Schematic and Public Multitouch Social Interaction

Touchwall Demo from Joel on Vimeo.

Joel Johnson’s exclusive (on Vimeo?) video and interview with the folks at Schematic about their new touchwall shows them dealing with some interesting public multitouch issues. I hate the marketing crap that goes with it and the inevitable Minority Report reference (please, stop making that reference multitouch people), but the idea that what they’re really interested in is “the social interaction in front of the screen” is spot on.

Apart from the fun of playing with what looks like a giant iPhone screen, the key thing about large multitouch screens is that more than one person can use it at once. If it just replicates a bank of individual screens it’s missing the point of having one big one. Connecting people together in social play and interaction can be really engaging and it will be interesting to see what developers and designers explore in this area.

The other issue that they talk about in the video is how to solve the identity problem on such a device so that you don’t have to walk up to it (or “into it” as one of the interviewees says) and type in a log-in. RFID tags come to the rescue, which means the wall knows who you are as soon as you’re close enough to use it.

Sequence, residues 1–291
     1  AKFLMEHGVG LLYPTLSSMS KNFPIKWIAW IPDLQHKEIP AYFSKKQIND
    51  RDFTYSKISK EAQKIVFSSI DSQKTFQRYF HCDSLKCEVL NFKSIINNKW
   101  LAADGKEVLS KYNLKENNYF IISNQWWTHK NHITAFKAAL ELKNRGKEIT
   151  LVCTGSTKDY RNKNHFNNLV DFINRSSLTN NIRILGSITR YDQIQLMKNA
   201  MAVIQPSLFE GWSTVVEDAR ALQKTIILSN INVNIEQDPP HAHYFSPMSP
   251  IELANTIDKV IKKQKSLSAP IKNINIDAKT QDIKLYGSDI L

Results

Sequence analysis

If we’re going to make comparisons to Minority Report, that screen was an individual experience operated alone by Cruise’s character. By contrast a multi-user multitouch screen feels to me to be much more Star Trek or James Bond to me and about using collaborative workspaces with the added layer of data feeds.

Play as you go – hijacking public spaces

A quick reblog of Pixelsumo’s post about Bruno Taylor’s work hijacking public places to make playful spaces, which explores the notion that play is being designed out of the public realm.

“71% of adults used to play on the streets when they were young. 21% of children do so now,” says Taylor.

The above video is a nice guerilla take-over of a bus stop to turn it into a swing. I’m amazed, and pleased, that nobody stopped them. This is London right? You can hardly take a photo without the police stopping and searching you. But I often feel these kind of childhood playthings have a way of connecting to some deep feelings of dissatisfaction with what our adult lives have turned into and make people much more accepting of them.

Chris has some nice pics on Pixelsumo and you’ll want to check out the rest of his playgrounds postings whilst you’re there.

Public Bench Camera Play

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Jay tied a disposable camera to a public bench with a note asking people to play. Amazingly it didn’t get nicked and the whole roll was shot by the end of the day.

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Give people a chance play and they will. And they play nicely.

(Via Photojojo).

[tags]photos, public[/tags]